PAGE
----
Posted On January 3, 2020

The Omniscience of God and Determinism

by | Jan 3, 2020 | Theology

The future is determined.

Even the thought you just had about that sentence was determined from long ago. And what I’d like to do in this post is to demonstrate that this is an orthodoxy issue, not merely a “Calvinist” issue. That is, too many label Calvinists as “determinists” when in reality, any person who holds to the omniscience of God must carry the same label. And for what it’s worth, I prefer the term “compatibilist.”

In my opinion, chapters 3 and 5 of the 1689 London Baptist Confession of Faith use some of the best language when carefully describing God’s decree of all things that come to pass, yet without being the author of sin in any way.

But in today’s post, I want to talk about the “omniscience” only view. That is, God only knows all that will take place rather than “decreeing” it to come to pass.

An Example

In an interaction with a brother named Ronnie Rogers on Facebook and in a 9/30/19 blog post, he wrote:

“God can know what he determined to happen apart from the influence of libertarian free human beings and what comes into being because of the actions and choices of libertarian free beings; these are known as contingencies. The only thing required is that God sovereignly chose to create beings with libertarian free choice.” (source)

Notice the sleight of hand in the word “determined.” Some things, in Ronnie’s words, God “determined to happen.” But other things “come into being because of the actions and choices of libertarian free beings.”

Now, there are a few things wrong with that and we won’t get into all the details on this post. But on the surface, that might seem plausible to some people. Especially those who genuinely want to “guard” God from being the author of sin.

But a crucial question here is, how can libertarian free beings determine anything to happen if they (the creatures) haven’t come into existence?

The Reality

So, let’s walk through this just a moment. Does God only determine some things and the libertarian free will of men determines other things?

Well, as I said, that might sound reasonable at first, but how do non-existent creatures determine anything? What I mean is, how does someone who does not exist “determine” anything? And how do they determine to choose vanilla ice cream over chocolate ice cream unless both vanilla and chocolate are decreed to exist?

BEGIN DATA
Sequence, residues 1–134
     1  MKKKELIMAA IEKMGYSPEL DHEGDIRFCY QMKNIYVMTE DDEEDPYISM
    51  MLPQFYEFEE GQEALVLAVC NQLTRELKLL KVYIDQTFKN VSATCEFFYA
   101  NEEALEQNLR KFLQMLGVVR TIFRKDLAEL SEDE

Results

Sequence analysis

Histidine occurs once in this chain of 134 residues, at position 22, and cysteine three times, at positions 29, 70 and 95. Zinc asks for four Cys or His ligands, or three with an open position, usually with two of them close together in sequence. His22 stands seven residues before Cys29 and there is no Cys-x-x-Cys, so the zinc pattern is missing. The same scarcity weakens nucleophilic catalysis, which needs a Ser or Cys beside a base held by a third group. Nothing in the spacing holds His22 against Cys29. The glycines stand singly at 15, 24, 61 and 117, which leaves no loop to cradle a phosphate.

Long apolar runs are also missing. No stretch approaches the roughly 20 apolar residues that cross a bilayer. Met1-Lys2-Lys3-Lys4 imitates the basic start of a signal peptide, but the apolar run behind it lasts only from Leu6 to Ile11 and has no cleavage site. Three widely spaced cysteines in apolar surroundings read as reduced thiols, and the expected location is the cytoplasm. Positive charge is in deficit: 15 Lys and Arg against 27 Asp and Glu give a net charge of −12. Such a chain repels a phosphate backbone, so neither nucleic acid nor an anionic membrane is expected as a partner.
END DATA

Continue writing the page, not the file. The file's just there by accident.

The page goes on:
See, it sounds nice to some to say God simply “knew” what people would choose, but we must ask “How did those people get here?” And “How did all involved in the circumstances surrounding their decision get here?”

The Bible’s answer is God created them (Genesis 1:1). And if you are an orthodox Christian then you (at minimum) believe God created people with full knowledge of their actions. God determined to create them with their “libertarian free will” (from Ronnie’s perspective) that would then “determine” what would “come into being.”

Yet, somehow well-meaning men (like Ronnie) argue that this is not “determinism” even though the creature has no “choice” in his existence (and other circumstances: where he will be born, his parents, his time period in history, etc.) as it is fully up to God’s determination.

But that’s not all…

A Set Future

As I said in the beginning, the future is determined. God’s complete omniscience demands that when He said “Let there be light” He fully knew all choices of His creatures and still decreed their existence. That is, at bare minimum, orthodoxy demands that what God knows will happen tomorrow, with 100% accuracy, and will come to pass with a 0% of being altered in any way.

So, then, is the future really determined by libertarian free will or by God? If God were not omniscient and not omnipotent perhaps one could try and make a case for the creature’s ultimate determination of events. But then God wouldn’t be worthy of our adoration, would He?

A Better Way

I think the 1689 Second London Baptist Confession of Faith gives us a much better definition than our brother, Ronnie Rogers. Here’s what Chapter 3, Paragraph 1 says:

From all eternity God decreed everything that occurs, without reference to anything outside himself.  He did this by the perfectly wise and holy counsel of his own will, freely and unchangeably. Yet God did this in such a way that he is neither the author of sin nor has fellowship with any in their sin. This decree does not violate the will of the creature or take away the free working or contingency of second causes. On the contrary, these are established by God’s decree. In this decree God’s wisdom is displayed in directing all things, and his power and faithfulness are demonstrated in accomplishing his decree